In the meantime, a bright moon had risen and was shining down on them. The shadow of the huge boulder grew and darkened the nearby gorges. A cool evening breeze blew over the mountain pastures, the leaves of the beech trees rustled in the wind and the pure spring water murmured. When the Zanas had finished asking Mujo all about himself, they said to him, “We would like you to become our blood brother, Mujo. Will you?” “If you want me to be your blood brother, Zanas, I will,” replied Mujo, “Once we are related to one another, I can call on your help, and if anyone ever insults you, you can call on me to come and help you.” “Fine, blood brother.”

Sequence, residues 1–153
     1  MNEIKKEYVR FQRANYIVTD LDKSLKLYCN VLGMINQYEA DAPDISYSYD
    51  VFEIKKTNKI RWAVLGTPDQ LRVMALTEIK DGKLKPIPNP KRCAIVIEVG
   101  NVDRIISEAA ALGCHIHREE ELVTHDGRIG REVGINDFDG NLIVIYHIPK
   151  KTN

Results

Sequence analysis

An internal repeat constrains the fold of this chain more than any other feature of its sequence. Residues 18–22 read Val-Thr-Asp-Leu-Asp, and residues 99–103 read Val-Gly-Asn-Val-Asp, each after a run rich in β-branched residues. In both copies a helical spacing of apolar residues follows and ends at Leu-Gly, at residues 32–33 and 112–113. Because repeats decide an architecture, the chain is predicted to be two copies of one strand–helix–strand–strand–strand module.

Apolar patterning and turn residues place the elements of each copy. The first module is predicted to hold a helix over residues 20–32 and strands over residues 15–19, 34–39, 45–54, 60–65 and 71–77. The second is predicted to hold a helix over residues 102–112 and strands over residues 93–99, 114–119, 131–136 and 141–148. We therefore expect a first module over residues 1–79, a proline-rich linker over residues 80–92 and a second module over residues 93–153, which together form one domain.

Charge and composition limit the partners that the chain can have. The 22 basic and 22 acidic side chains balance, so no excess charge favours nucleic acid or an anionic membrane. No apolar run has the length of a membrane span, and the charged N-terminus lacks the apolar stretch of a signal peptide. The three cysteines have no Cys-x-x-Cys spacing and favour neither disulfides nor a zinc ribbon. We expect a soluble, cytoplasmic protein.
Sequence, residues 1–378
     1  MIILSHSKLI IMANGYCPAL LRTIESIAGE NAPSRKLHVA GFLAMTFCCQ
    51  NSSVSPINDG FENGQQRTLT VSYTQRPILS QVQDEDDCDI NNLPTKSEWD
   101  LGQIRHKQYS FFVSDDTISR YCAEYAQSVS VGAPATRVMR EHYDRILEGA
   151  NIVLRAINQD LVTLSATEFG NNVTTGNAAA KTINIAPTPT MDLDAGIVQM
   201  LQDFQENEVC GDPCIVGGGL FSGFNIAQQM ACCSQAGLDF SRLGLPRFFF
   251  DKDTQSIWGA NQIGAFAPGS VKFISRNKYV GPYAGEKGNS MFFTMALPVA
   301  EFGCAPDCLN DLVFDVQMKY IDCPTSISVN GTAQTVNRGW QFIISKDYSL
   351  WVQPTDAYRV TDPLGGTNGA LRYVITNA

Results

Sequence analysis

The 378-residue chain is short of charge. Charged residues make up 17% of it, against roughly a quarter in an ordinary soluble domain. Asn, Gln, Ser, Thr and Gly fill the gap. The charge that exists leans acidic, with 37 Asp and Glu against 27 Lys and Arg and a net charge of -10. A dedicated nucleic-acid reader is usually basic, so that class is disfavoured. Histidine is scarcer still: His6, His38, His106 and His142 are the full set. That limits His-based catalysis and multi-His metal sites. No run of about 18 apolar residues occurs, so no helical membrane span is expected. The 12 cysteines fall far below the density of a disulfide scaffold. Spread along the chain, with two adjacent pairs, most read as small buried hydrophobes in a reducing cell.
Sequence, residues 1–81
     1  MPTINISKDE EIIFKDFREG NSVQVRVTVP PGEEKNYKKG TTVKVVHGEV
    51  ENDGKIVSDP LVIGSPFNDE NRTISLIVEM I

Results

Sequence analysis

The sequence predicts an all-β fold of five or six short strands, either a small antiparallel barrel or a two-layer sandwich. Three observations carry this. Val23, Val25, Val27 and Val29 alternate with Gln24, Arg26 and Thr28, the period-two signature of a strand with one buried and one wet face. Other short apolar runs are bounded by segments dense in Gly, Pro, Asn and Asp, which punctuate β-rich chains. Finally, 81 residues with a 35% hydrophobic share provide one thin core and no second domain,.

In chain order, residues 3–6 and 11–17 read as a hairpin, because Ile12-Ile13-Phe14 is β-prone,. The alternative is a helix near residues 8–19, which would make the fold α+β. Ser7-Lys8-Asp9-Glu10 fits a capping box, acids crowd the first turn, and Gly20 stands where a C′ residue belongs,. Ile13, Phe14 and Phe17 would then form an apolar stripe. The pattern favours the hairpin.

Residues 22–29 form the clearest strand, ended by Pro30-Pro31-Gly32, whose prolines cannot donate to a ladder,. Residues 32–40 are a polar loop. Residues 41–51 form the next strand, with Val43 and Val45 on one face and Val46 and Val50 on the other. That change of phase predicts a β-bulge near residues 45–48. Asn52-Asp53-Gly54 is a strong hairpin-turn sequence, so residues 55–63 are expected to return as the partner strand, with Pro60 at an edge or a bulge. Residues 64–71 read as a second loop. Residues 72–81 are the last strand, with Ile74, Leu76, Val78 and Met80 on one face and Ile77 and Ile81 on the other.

When rosy dawn announced the approach of a new day, the Zanas took their cradles, slung them over their backs and disappeared, leaving behind but a ray of light. Mujo rubbed his eyes to make out where the Zanas had gone, but could see nothing but light. He pondered to himself, “Perhaps I was only dreaming?”, and went off to a spring to wash. The cold water refreshed him. At the edge of the water was a huge boulder which twenty men could not have lifted. Mujo knelt, put his arms around the boulder and lifted it onto his shoulders. He laughed, saying, “It was certainly no dream,” and tossed the boulder away. It rolled from cliff to cliff all the way down into the valley below. Its echo resounded through the mountain pastures.